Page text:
This is the undisputed domain of General Keith Alexander, a man few even in Washington would likely recognize. Never before has anyone in America’s intelligence sphere come close to his degree of power, the number of people under his command, the expanse of his rule, the length of his reign, or the depth of his secrecy. A four-star Army general, his authority extends across three domains: He is director of the world’s largest intelligence service, the National Security Agency; chief of the Central Security Service; and commander of the US Cyber Command. As such, he has his own secret military, presiding over the Navy’s 10th Fleet, the 24th Air Force, and the Second Army.

Alexander runs the nation’s cyberwar efforts, an empire he has built over the past eight years by insisting that the US’s inherent vulnerability to digital attacks requires him to amass more and more authority over the data zipping around the globe. In his telling, the threat is so mind-bogglingly huge that the nation has little option but to eventually put the entire civilian Internet under his protection, requiring tweets and emails to pass through his filters, and putting the kill switch under the government’s forefinger. “What we see is an increasing level of activity on the networks,” he said at a recent security conference in Canada. “I am concerned that this is going to break a threshold where the private sector can no longer handle it and the government is going to have to step in.”

Read more of James Bamford’s reporting about the Secret War.

9 notes

thepoliticalnotebook:

This Week in War. A Friday round-up of what happened and what’s been written in the world of war and military/security affairs this week. It’s a mix of news reports, policy briefs, blog posts and longform journalism. Subscribe here to receive this round-up by email.
The death toll for the Syrian conflict is 93,000, according to the UN. 5000 people die every month.
The US announced confirmation of Syria’s use of chemical weapons and the ensuing debate about what the crossing of this so-called red line now means for US action.
Special UN rapporteur Richard Falk has called for an international inquiry into Israeli treatment of Palestinian prisoners.
A negotiated end is sought to protests and clashes in Turkey.
Tunisian rapper Weld El 15, on the run from a two year sentence for his anti-police song, has turned himself in.
The AFP tracks casualties in Iraq (Google Doc).
The polls have opened in the Iranian presidential election.
A pre-election hacking campaign targeted Iranian Gmail users.
President Hamid Karzai demanded on Saturday that Britain turn over more than 80 prisoners of war within two weeks.
In Kabul, a mid-week suicide bombing in front of the Supreme Court left sixteen or more civilians dead and many injured.
Bagram was handed over to Afghanistan three months ago, but dozens of foreign inmates, mostly Pakistani, have seen little change in their detention.
The US disrupted Al Qaeda’s online magazine Inspire.
Du Bin, a Chinese journalist who had completed a documentary on forced labor camps and freelanced for the New York Times, has been detained in Beijing. 
Korean officials held talks in Panmunjom.
Threats to journalists by paramilitary groups in Northern Ireland are on the rise.
Northern Ireland’s police have seized arms ahead of the G8.
Colombia’s peace talks have resumed in Cuba.
Brazilian journalist and newspaper José Roberto Ornelas de Lemos was murdered at a bakery in Rio de Janeiro on June 11.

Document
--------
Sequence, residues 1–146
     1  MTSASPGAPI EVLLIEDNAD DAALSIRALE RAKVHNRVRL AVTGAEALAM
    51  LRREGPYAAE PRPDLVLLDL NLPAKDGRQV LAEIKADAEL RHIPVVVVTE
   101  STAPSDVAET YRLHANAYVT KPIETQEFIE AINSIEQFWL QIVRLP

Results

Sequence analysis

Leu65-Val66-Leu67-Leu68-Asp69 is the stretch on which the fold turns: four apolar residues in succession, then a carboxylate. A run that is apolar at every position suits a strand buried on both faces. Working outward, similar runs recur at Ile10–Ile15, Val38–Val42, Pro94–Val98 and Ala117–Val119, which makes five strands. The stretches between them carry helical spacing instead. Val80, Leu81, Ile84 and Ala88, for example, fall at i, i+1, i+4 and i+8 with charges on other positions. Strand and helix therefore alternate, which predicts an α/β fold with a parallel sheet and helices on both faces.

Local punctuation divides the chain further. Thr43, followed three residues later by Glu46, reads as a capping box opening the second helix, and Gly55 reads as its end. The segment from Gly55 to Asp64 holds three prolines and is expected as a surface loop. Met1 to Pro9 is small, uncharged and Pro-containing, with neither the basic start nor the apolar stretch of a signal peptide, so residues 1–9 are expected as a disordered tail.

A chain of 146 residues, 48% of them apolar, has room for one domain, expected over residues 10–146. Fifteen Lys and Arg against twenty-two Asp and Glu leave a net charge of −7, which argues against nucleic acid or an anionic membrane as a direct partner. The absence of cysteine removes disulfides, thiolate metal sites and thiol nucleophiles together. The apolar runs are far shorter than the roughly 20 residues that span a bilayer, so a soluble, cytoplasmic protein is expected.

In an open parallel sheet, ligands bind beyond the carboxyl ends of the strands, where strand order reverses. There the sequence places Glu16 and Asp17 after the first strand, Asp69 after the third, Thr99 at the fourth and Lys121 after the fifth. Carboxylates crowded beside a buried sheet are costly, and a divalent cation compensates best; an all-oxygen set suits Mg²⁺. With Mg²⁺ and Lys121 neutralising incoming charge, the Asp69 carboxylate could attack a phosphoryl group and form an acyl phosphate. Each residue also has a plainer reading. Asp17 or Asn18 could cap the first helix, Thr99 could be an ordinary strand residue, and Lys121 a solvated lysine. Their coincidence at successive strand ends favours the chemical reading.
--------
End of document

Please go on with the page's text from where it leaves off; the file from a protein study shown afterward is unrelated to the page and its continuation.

A group of American physicians have called, in the New England Journal of Medicine, on Guantánamo Bay’s doctors to refuse participation in the force-feeding program.
An Iraqi prisoner named Abd al-Hadi and identified as a senior Al Al Qaeda commander has been charged in the Guantánamo war crimes tribunal.
Microsoft and Google both call on the government to allow them to be more transparent and forthcoming to the public about the government’s information/data requests to them.
Senator Gillibrand’s amendment that would remove military sex assault prosecutions from chain of command and hand them to independent military prosecutors  was stripped from the defense bill after backlash from top brass. Gillibrand, however, plans to push the measure on the floor.
The NSA leaker was identified upon his request as Edward Snowden, who has fled to Hong Kong.
Will China hand him over?
Concerned about what it might mean that the government knows your metadata? The Guardian has an interactive breakdown of what information is available from the telecom services we all use.
ProPublica also has some tips about safer online activity.
The Electronic Frontier Foundation recently met with surprise success against the Justice Department in FISA court. The EFF is after court documents on government surveillance activity that was found by a FISA court to have circumvented the law, which the FISA court has ruled is legal for them to obtain, (kind of shockingly) rejecting the arguments of the DOJ. Here’s a link to the ruling.
The ACLU hopes to see court success of its own in its lawsuit against the government over the Verizon metadata dragnet. As a Verizon customer itself, it can claim standing to sue. (The complaint itself.)
Inside the NSA’s China hacking group.
If you would like to receive this round-up as a weekly email, you can sign up through this form, or email me directly at torierosedeghett@gmail.com.
Photo: Taksim Square, Turkey. A protester throws a petrol bomb towards the police. June 10. Kostas Tsironas/AP.

thepoliticalnotebook:

This Week in War. A Friday round-up of what happened and what’s been written in the world of war and military/security affairs this week. It’s a mix of news reports, policy briefs, blog posts and longform journalism. Subscribe here to receive this round-up by email.

If you would like to receive this round-up as a weekly email, you can sign up through this form, or email me directly at torierosedeghett@gmail.com.

Photo: Taksim Square, Turkey. A protester throws a petrol bomb towards the police. June 10. Kostas Tsironas/AP.

362 notes

Whatever your take on recent revelations about government spying on our phone calls and Internet activity, there’s no denying that Big Brother is bigger and less brotherly than we thought. What’s the resulting cost to our privacy — and more so, our democracy? Lawrence Lessig joins Bill to discuss the implications of our government’s actions.